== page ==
09-08-13 CONSIDERING DISCIPLESHIP


CONSIDERING DISCIPLESHIP

Luke 14: 25-33

 

Last week and this week 15 people
joined me and another 15 joined Cara in classes that are called DISCIPLE.
Dreamed up and written by United Methodist Bishop Richard Wilke and his wife
Julia, DISCIPLE is about more than just knowing the Bible; it is about growing
closer to God and closer to others in your group; it is about starting to see
the world through the eyes or Christ; it is about a commitment of 34 weeks of
daily homework and faithful attendance in the 2 ½ hour classes. It is about a
willingness to change one’s life and priorities to move from being just a
seeker, or just a church member, or even an elder, to becoming a disciple. It
means doing without some things to take this journey. At least two in my class
shared that they made significant changes in their year in order to attend
class. That’s part of the “discipline” or being a disciple. And today’s passage
intentionally takes Jesus’ listeners on a journey of “what ifs.” Salespeople,
when a price is being negotiated, sometimes ask: “What would it take for you to
decide to buy today?” And you might say “There is no way that I will buy today!
Even so, some have left the dealer with a new car! There are new cars in our
parking lot today bought with the plan to just look! People say everyone has
his or her price. Jesus too knew that every decision we decide costs us. People
who choose to be part of a group may have start up costs for materials, but
they may also have the cost of not being part of a different group or not
having as much free time. A week from Wednesday we start our 2013-2014
Confirmation Class with youth whose parents have agreed to have their child
here every week for a whole school year. Do you know how hard that is in the
midst of a middle schooler’s or high schooler’s activities? I respect and honor
that they are making that choice. And as I say to DISCPLE classes and to
Confirmation classes, “I am sure that your choice pleases God.” God loves to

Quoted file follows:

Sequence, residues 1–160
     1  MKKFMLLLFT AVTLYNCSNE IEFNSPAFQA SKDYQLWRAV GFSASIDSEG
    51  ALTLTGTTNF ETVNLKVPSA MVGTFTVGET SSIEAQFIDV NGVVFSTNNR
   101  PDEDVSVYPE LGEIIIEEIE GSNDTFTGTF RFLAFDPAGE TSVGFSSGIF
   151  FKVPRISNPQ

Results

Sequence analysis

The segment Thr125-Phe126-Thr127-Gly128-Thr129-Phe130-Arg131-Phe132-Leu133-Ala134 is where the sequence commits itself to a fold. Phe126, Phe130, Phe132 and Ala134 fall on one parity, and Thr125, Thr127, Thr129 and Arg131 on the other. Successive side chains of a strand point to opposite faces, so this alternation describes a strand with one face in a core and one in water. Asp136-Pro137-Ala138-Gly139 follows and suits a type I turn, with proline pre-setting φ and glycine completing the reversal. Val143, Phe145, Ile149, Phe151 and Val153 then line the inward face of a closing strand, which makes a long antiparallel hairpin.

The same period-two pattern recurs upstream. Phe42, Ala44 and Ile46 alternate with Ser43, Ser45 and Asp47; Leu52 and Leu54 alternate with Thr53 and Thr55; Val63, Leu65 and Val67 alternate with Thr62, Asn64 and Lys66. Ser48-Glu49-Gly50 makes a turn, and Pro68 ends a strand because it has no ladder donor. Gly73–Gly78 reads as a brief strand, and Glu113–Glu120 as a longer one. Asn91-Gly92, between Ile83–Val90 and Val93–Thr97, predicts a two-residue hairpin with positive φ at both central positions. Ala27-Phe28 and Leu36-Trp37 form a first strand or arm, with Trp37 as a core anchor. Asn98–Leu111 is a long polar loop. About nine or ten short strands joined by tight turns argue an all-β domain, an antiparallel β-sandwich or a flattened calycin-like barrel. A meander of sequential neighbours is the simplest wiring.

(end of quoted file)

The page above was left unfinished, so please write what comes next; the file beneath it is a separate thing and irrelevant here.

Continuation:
watch the choices we make through the divine gift of free will. God hopes we
choose life, and heaven, and salvation. And some, by their discipleship, do so.
Let’s consider discipleship today.

 

Luke14: 26. “Whoever comes to me and
does not hate his father and mother, his wife and his children, his brothers
and sisters—yes, even his own life—cannot be my disciple.” “Wow! Did Jesus really
mean that?” Well, yes and no. The “yes” part is this: even if you love your
wife, husband, children, parents, or best friends, Jesus’ challenge is to love him more. Do remember the hymn we
sang recently with words by Cecil Frances Alexander? “Jesus calls us o’er the
tumult of our life’s wild restless sea; day by day his sweet voice soundeth,
saying ‘Christian, follow me.’ Jesus calls us from the worship of the vain world’s
golden store, from each idol that would keep us, saying ‘Christian, love me
more.’” And  “In our joys and in our
sorrows, days of toil and hours of ease; still He calls, in cares and
pleasures, ‘Christian love me more than these.’” That’s what it means. There
are so many idols in this world; they can be possessions or obsessions and can
eat into our time or attention. Love Jesus more than those! There are some who
love their spouse, their best friend, their child, their grandchild, their
parent or their grandparent so much that being away from them is painful. In
spite of such great human love, love
Jesus more. “Jesus loves you, this I know, for the Bible tells me so!”